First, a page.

Facebook can be your worst enemy if you are abroad for the holidays. Seeing photos of friends and family gathering back home, reading posts about Christmas trees and peppermint lattes, and all of the general merriment of the season being expounded upon you from every outlet can give a major case of FOMO and homesickness. You’re missing out on the most important time of year and baby Jesus shall smite you down! it all seems to yell at you.
But after experiencing my second Christmas away from home (in a country that doesn’t really celebrate Christmas), I can now say that there are certain things about being being abroad for the holidays that I really appreciate. It’s not to say that I don’t wish I were home with my family, but since that’s out of the question I’ve learned to make due with what I’ve got and I’ve even come to enjoy it–in some ways even more than Christmas back home! Here’s why:
You Can Choose and Create Your Own Traditions
You’ll find yourself trying to recreate the holiday experience from back home, but you are at full leisure to draw only on your favorite parts. For me, baking cookies, exchanging gifts, and laying in a food coma on Christmas day while A Christmas Story plays on repeat in the background are my favorite traditions, so that’s exactly what I did. You can also adopt the traditions of your friends or host country (I refrained from adding kimchi to my Christmas meal, however). Being removed from home makes you realize what you really want out of the holiday and I loved being able to create that for myself.
There’s No Stressful Build Up
America goes into a frenzy in the weeks leading up to the holidays. The stress of buying everyone all the right gifts, dealing with family drama and working out who is going to which house, all the decorating and baking and wrapping and writing cards and—-aaaahhh it’s all just so much work! Here in Korea, Christmas is a very casual holiday. While we get the day off of work, Koreans view it more as a “couple’s holiday” akin to Valentine’s Day. There are Christmas lights and some tinsel decorations, but none of the materialistic aspects of gift giving. It’s so refreshing to not feel stressed and overwhelmed by all the festive obligations leading up to the big day.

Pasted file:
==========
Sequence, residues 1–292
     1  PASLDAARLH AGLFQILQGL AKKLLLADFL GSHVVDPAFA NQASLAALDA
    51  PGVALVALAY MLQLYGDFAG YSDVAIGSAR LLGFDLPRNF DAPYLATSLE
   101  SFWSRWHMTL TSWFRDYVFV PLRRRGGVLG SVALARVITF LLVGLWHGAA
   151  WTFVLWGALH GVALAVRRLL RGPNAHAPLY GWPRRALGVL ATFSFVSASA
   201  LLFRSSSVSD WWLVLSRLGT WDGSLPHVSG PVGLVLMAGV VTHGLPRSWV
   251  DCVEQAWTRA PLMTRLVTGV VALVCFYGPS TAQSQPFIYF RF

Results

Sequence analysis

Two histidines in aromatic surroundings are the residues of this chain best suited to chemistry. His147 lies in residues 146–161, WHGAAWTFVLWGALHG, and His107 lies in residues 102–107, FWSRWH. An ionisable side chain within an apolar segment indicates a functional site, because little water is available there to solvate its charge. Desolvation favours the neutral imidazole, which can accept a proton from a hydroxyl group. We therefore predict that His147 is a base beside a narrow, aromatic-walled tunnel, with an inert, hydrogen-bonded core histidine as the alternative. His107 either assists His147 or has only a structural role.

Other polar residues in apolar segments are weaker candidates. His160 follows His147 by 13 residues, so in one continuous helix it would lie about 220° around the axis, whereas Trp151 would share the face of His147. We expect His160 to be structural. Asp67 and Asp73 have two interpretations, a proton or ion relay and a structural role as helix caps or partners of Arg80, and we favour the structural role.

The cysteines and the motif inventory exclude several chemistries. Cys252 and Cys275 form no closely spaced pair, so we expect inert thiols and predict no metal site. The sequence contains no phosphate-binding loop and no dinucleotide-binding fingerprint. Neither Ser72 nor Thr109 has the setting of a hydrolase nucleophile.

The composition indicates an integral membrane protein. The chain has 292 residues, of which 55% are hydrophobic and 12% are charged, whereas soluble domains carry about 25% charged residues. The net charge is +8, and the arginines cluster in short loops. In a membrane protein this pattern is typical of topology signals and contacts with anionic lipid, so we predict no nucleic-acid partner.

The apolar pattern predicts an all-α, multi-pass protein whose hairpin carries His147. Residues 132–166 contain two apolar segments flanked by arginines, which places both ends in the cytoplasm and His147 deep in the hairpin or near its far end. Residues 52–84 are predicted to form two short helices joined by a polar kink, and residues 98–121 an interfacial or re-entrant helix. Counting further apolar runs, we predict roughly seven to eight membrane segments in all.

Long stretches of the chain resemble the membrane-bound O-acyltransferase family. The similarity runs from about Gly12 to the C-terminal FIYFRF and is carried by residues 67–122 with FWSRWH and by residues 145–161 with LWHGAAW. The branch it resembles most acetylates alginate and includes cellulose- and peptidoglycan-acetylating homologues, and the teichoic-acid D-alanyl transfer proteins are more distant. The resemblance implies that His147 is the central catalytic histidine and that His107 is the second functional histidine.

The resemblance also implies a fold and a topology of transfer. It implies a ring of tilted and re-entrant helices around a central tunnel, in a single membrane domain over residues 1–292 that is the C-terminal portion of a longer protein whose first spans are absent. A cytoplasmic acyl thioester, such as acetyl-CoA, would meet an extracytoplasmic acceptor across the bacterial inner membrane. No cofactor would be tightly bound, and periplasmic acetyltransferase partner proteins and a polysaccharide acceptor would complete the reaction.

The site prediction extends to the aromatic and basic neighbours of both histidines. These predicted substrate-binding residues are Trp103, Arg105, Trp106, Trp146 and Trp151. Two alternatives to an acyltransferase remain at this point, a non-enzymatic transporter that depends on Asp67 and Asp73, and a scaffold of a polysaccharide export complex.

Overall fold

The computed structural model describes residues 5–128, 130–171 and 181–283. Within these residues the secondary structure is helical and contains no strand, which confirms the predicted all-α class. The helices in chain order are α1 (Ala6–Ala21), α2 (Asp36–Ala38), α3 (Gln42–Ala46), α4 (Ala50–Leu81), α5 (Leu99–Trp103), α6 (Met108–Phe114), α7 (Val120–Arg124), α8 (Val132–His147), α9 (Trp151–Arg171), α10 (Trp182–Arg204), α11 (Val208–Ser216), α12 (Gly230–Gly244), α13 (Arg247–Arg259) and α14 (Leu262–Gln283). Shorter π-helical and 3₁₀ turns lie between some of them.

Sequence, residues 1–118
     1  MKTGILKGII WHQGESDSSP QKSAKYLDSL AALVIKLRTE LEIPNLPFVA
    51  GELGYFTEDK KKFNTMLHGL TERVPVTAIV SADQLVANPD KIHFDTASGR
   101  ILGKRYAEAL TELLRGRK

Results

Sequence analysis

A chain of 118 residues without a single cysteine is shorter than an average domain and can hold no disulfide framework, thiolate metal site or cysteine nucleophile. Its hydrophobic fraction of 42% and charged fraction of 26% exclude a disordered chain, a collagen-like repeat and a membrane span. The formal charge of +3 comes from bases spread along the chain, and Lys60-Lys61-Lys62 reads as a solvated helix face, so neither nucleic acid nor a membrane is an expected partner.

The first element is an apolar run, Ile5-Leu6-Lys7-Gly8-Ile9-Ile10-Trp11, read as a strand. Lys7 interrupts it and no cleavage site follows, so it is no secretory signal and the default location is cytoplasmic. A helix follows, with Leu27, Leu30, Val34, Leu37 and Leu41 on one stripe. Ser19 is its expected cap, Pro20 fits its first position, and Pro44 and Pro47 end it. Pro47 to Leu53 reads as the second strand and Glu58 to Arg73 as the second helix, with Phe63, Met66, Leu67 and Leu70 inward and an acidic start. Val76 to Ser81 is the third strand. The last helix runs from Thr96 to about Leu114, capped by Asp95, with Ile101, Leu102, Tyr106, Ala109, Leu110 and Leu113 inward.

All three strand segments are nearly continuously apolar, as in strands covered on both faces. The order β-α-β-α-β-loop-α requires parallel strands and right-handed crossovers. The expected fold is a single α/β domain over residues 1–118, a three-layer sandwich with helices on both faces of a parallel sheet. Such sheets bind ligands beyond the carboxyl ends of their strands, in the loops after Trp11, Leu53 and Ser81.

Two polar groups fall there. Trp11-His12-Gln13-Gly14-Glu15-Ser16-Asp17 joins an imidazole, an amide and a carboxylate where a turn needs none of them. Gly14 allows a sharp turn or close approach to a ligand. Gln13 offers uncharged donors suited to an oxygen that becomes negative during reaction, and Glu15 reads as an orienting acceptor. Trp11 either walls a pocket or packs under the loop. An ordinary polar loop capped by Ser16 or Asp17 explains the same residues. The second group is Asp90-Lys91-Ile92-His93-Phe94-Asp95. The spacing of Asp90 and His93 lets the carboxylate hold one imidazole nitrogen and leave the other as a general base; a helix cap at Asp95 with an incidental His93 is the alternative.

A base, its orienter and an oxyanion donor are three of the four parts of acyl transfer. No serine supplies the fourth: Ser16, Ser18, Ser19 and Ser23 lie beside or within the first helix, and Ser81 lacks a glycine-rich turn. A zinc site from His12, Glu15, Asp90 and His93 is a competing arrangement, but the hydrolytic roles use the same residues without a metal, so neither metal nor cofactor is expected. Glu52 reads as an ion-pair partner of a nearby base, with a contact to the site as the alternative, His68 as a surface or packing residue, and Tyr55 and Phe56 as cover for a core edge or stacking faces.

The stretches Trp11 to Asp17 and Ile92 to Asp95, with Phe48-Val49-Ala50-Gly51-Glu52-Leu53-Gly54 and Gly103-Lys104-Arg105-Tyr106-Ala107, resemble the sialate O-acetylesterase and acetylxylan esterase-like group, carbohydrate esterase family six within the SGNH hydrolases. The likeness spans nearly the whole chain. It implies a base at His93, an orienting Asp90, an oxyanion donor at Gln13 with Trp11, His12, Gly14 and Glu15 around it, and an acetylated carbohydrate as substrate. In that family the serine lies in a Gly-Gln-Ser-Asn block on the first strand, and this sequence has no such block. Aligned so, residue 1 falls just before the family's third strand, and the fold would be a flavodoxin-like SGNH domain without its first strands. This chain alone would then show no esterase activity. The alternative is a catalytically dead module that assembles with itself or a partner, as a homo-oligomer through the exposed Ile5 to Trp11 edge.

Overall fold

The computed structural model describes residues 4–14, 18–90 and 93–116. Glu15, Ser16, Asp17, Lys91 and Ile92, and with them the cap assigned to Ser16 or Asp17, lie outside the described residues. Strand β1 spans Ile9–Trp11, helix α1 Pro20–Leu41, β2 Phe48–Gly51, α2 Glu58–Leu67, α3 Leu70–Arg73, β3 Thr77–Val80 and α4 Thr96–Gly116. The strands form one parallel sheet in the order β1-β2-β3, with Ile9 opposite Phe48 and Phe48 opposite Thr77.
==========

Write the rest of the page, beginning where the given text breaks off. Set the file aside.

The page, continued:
You Have Extra Time To Buy Presents
Ok, reservations about materialism aside, you are probably still going to want to buy gifts for your family back home– but you are off the hook for getting it to them by Christmas! “Darn that slow, unreliable US postal service” is always a great line or, in my case, “I’m coming home next month, I’ll just bring your gifts then!”
You Can Still Gain Holiday Weight!
I mean, that’s a great thing, right?? Living in another country does not disqualify you from eating like a fat kid who just got off his diet. My friends and I banded together to create a Christmas eve feast of hip-widening proportions, with nearly every course including copious amounts of cheese. We then spent the entire Christmas afternoon lounging in pajamas and eating leftovers every hour on the hour until we felt that we’d have to be removed from the house with a crane. It was perfect in every way.
I don’t want to miss out on the holidays at home forever, but it’s been a great learning experience to spend the time somewhere else. It gives you a new appreciation for what it’s all about and puts a lot in perspective. With the right friends and attitude, holidays abroad can actually be really awesome and I’m so thankful for the people in Korea I was able to share it with. The only problem now is that those 14 cookies I just ate went straight to my ass and I’m going on a beach vacation in a few days… Stay tuned for sightings of a beached whale in the Philippines!
And now let’s play a game: Caption this photo!